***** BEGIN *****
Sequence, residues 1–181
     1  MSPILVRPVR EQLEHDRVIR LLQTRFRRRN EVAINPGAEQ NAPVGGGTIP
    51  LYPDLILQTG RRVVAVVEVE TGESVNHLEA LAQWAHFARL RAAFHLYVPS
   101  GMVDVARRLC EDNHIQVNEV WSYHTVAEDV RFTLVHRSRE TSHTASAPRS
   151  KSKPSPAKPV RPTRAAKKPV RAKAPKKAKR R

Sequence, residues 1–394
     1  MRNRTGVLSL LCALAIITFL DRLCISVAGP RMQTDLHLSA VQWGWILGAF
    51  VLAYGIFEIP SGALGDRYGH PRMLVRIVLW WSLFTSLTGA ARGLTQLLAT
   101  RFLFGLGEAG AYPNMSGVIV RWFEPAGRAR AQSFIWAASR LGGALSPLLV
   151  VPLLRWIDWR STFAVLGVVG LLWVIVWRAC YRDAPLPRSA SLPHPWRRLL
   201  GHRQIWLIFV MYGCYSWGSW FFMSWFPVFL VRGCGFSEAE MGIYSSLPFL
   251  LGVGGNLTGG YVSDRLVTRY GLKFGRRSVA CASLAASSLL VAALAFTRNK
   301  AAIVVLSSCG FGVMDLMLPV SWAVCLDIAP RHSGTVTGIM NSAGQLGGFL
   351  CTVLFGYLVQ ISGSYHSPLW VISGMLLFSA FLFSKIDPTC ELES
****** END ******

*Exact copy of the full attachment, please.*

Sequence, residues 1–181
     1  MSPILVRPVR EQLEHDRVIR LLQTRFRRRN EVAINPGAEQ NAPVGGGTIP
    51  LYPDLILQTG RRVVAVVEVE TGESVNHLEA LAQWAHFARL RAAFHLYVPS
   101  GMVDVARRLC EDNHIQVNEV WSYHTVAEDV RFTLVHRSRE TSHTASAPRS
   151  KSKPSPAKPV RPTRAAKKPV RAKAPKKAKR R

Sequence, residues 1–394
     1  MRNRTGVLSL LCALAIITFL DRLCISVAGP RMQTDLHLSA VQWGWILGAF
    51  VLAYGIFEIP SGALGDRYGH PRMLVRIVLW WSLFTSLTGA ARGLTQLLAT
   101  RFLFGLGEAG AYPNMSGVIV RWFEPAGRAR AQSFIWAASR LGGALSPLLV
   151  VPLLRWIDWR STFAVLGVVG LLWVIVWRAC YRDAPLPRSA SLPHPWRRLL
   201  GHRQIWLIFV MYGCYSWGSW FFMSWFPVFL VRGCGFSEAE MGIYSSLPFL
   251  LGVGGNLTGG YVSDRLVTRY GLKFGRRSVA CASLAASSLL VAALAFTRNK
   301  AAIVVLSSCG FGVMDLMLPV SWAVCLDIAP RHSGTVTGIM NSAGQLGGFL
   351  CTVLFGYLVQ ISGSYHSPLW VISGMLLFSA FLFSKIDPTC ELES